To further illustrate the issue of complexity and our inability to fully understand a complex system, consider free will in relation to the human brain, which is a very complex structure. The complexity of the human brain is such that we are certain of the existence of freedom of choice. In fact, free will does not make sense if future conditions of a brain could be predicted with accuracy from some initial conditions. And, indeed, we are free, or at least we have the opportunity to experience freedom in making our decisions under different circumstances. It is said that the only thing God, omniscient being by nature, cannot (or maybe don’t want to) control is our ability to make decisions. This quality is one of the fundamental differences between a PLC and a human being, or in the words of the reputed psychiatrist Victor Frankl: "Everything can be taken from a man but one thing: the last of the human freedoms - to choose one's attitude in any set of circumstances, to choose one's own way". 

Now, suppose that Laplace’s wise being knows your brain, and perfectly knows the state of all its atoms in a given time. Can he predict the decision you are going to take in a few moments? Is free will, after all, the product of an incredibly complex brain but deterministic in nature? Well it is not.

Quantum indeterminacy
If you throw a pair of dice, do you know which number to bet? Of course, if you have ever thrown a pair of dice you will bet on the 7. This is because there are more ways to make 7 than any other number. There are six combinations of dice that are 7, while there are only 5 combinations that will give an 8 or a 6. Definitely you will bet for 7 whenever you can and you know the reason, but in a given throw you are not sure you will get a seven. In fact, in a single throw any number may drop. The result will always be subjected to randomness.

When there is lack of certainty about an event or occurrence we rely on probabilities. And for sure, there are few things that are really certain. In the case of the pair of dice the reason of our uncertainty is plain ignorance about the initial conditions and the factors involved in the movement. So, we say that nature is random.

Randomness is everywhere. For instance, the fact that you have a certain height is random. Your stature and other personal characteristics have a certain occurrence in the population where you live, and you are a representative of that population liable to be chosen randomly. The marriage of your father and your mother was a random population phenomenon resulting in you, a random mix of genes from your parents. The lottery consists of a series of arranged numbers, but the wining number will be random, i.e. we have no idea what will the winning number be until it wins. This gives us a glimpse of the tricks that the future plays on us. In reality, the future remains uncertain; consisting of a distribution of probabilities. When the past meets the future, probability becomes certainty.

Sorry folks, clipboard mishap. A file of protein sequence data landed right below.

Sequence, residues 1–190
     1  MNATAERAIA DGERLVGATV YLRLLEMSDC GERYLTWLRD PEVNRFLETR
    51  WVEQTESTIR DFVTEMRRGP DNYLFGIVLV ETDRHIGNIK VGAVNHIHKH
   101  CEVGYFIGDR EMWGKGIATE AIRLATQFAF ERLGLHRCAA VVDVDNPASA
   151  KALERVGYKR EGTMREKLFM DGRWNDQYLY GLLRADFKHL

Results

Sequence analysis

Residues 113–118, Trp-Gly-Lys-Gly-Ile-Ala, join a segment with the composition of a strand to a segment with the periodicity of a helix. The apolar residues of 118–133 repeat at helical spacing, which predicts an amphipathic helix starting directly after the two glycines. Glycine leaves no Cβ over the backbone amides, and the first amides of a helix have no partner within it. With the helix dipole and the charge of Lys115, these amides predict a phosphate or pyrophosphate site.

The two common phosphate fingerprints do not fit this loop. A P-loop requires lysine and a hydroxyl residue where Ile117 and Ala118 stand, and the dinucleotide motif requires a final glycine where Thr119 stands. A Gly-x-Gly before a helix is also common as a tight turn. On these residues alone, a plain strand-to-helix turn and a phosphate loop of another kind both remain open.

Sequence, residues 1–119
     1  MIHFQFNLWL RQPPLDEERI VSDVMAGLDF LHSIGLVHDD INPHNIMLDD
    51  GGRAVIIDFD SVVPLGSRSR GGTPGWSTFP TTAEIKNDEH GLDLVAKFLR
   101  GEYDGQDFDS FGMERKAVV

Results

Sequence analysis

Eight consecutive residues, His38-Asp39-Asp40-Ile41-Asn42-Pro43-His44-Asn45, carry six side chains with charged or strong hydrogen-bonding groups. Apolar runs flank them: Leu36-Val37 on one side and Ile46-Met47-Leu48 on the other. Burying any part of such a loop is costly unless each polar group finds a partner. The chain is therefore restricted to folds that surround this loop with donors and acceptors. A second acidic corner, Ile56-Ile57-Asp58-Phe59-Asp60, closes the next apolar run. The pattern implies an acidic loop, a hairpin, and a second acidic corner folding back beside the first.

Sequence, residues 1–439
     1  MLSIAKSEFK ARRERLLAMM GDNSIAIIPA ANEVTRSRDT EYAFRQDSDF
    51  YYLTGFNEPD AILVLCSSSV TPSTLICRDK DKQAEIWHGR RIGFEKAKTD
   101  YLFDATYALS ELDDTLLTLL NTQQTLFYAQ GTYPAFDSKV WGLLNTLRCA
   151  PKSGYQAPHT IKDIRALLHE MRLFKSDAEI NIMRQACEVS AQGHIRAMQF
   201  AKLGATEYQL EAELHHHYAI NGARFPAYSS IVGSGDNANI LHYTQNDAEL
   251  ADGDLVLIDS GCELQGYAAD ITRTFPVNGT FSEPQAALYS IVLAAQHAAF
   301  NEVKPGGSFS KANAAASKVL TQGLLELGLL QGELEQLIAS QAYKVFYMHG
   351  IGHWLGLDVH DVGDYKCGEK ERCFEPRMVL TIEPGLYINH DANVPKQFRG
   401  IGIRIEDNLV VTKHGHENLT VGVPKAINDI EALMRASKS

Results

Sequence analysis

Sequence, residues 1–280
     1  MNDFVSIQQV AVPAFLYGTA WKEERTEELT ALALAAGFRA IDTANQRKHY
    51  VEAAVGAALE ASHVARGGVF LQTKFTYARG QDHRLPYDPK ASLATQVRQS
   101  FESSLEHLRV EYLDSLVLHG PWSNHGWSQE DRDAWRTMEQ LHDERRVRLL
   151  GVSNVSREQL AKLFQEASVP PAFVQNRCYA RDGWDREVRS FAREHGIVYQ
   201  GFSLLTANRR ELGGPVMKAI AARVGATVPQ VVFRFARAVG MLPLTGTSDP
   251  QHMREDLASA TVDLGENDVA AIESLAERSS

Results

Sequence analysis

Here we have nothing new, just total ignorance. If we knew the exact position of each number in the lottery pot, the initial velocity of each particle of the small spheres and all the variables that influence the movement, we would know with certainty the future winning number. The future would be predictable.

Well, not so fast. Quantum physicists think there is a truly random probability distribution. That is, there is no way to know all the initial conditions of this distribution despite of the knowledge and wisdom you may have. Briefly, it is not possible to know both the velocity and position of a subatomic particle at the same time. If we determine the speed, then the position of the particle lies within a probability distribution. According to quantum physics, at the precise moment when the speed is measured, the particle is found in all parts of the probability distribution at the same time, and there is no way to define its exact position. Conversely, when performing a quantum measurement of position, the phantasmagoric world of the particle, present in many places at once, disappears and the particle is already in a particular place, but now it is its speed that is within a probability distribution. In the world of quantum mechanics this phenomenon is known as the Heisenberg Uncertainty Principle.